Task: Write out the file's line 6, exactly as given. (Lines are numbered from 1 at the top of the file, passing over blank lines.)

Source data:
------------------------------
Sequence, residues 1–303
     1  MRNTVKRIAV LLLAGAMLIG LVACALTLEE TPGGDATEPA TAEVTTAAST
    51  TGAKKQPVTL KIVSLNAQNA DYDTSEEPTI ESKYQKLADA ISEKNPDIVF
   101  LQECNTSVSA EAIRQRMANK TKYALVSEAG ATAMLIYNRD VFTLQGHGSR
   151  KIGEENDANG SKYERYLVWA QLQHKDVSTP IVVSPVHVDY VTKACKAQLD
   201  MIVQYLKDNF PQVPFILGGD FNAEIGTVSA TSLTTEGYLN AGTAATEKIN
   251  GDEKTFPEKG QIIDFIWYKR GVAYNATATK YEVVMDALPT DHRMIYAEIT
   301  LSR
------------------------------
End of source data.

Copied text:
   201  MIVQYLKDNF PQVPFILGGD FNAEIGTVSA TSLTTEGYLN AGTAATEKIN